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IN MY ORBIT: Barkley and Booker Are Simpatico in Life and in Wisdom

Pro-Basketball legend, sports commentator, and entrepreneur Charles Barkley caused a stir on Saturday at the conclusion of the Final Four.

During Saturday’s March Madness coverage on CBS, former NBA All-Star and current commentator Charles Barkley, who’s not known for being an intellectual heavyweight, made some rather astute comments about the state of political and racial division in the country. He was spot-on, so look for him to be canceled any day.

While many agree with our managing editor, there are those who, for whatever reason, consider Barkley’s comments incorrect and geared to build up the “white supremacist” structure… whatever that is.

Barkley is not wrong, and I align with my colleague Jeff Charles. What exactly is most upsetting to these folks about Barkley’s comments: that he refuses to view life through the lens of “the white folks are out to get me!” or his calling out politicians on both sides for fomenting racial tension?

Coincidentally, today is Booker T. Washington’s 165th Birthday: he was born April 5, 1856. In a time when racial disparities and tension were the real deal, rather than so much of this manufactured nonsense, Washington made this controversial statement in his 1911 book, My Larger Education.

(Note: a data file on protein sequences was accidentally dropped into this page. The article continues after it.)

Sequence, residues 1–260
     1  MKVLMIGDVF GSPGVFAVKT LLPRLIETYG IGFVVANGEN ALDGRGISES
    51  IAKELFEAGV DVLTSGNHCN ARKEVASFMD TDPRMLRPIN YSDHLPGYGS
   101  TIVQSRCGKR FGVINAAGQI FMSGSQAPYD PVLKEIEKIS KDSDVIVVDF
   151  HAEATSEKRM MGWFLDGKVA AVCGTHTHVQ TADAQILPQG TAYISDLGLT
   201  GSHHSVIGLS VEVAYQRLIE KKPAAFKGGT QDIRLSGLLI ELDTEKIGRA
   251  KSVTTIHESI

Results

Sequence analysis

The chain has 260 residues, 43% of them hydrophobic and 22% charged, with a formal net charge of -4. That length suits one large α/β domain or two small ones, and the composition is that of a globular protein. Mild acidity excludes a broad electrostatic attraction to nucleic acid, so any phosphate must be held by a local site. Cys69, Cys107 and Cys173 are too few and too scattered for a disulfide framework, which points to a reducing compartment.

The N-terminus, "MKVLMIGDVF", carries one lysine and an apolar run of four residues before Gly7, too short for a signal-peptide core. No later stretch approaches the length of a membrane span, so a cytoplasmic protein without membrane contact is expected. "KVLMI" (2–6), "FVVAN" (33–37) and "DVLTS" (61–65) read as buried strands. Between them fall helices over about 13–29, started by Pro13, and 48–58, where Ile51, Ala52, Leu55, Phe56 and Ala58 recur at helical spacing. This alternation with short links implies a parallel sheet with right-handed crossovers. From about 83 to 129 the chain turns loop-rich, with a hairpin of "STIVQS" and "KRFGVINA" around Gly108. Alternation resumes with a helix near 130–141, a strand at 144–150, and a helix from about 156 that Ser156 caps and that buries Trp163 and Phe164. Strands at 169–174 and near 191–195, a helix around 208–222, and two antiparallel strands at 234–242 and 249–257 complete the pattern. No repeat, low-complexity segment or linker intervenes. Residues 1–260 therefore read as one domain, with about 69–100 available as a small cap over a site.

“There is another class of coloured people who make a business of keeping the troubles, the wrongs, and the hardships of the Negro race before the public. Having learned that they are able to make a living out of their troubles, they have grown into the settled habit of advertising their wrongs — partly because they want sympathy and partly because it pays. Some of these people do not want the Negro to lose his grievances, because they do not want to lose their jobs.”

Washington described them as “problem profiteers”, and it is interesting that Booker and Barkley saw this so clearly. There are some people for whom it is more important to drive their agenda than it is to actually get things done and solve problems. If work is accomplished and problems are resolved, it means those profiteers can no longer earn their prestige or dollars. Both Booker T. Washington and Charles Barkley are the latter. Our political class and much of our legacy media are the former.

Like Barkley, Washington was about excellence and uplift, and for Washington’s time, this was a difficult road. While he encouraged trade skills as a way for Blacks to progress, he fought tooth and nail for his education: the ability to read, write, and THINK.

From History.com:

In Malden, Washington was only allowed to go to school after working from 4-9 AM each morning in a local salt works before class. It was at a second job in a local coalmine where he first heard two fellow works discuss the Hampton Institute, a school for formerly enslaved people in southeastern Virginia founded in 1868 by Brigadier General Samuel Chapman. Chapman had been a leader of Black troops for the Union during the Civil War and was dedicated to improving educational opportunities for African Americans.

Barkley’s story is not dissimilar.

According to Players Bio:

Barkley’s childhood wasn’t all rainbows and butterflies. He grew up poor with his mother, stepfather, and siblings. His stepfather was killed in an accident when he was 11 years old.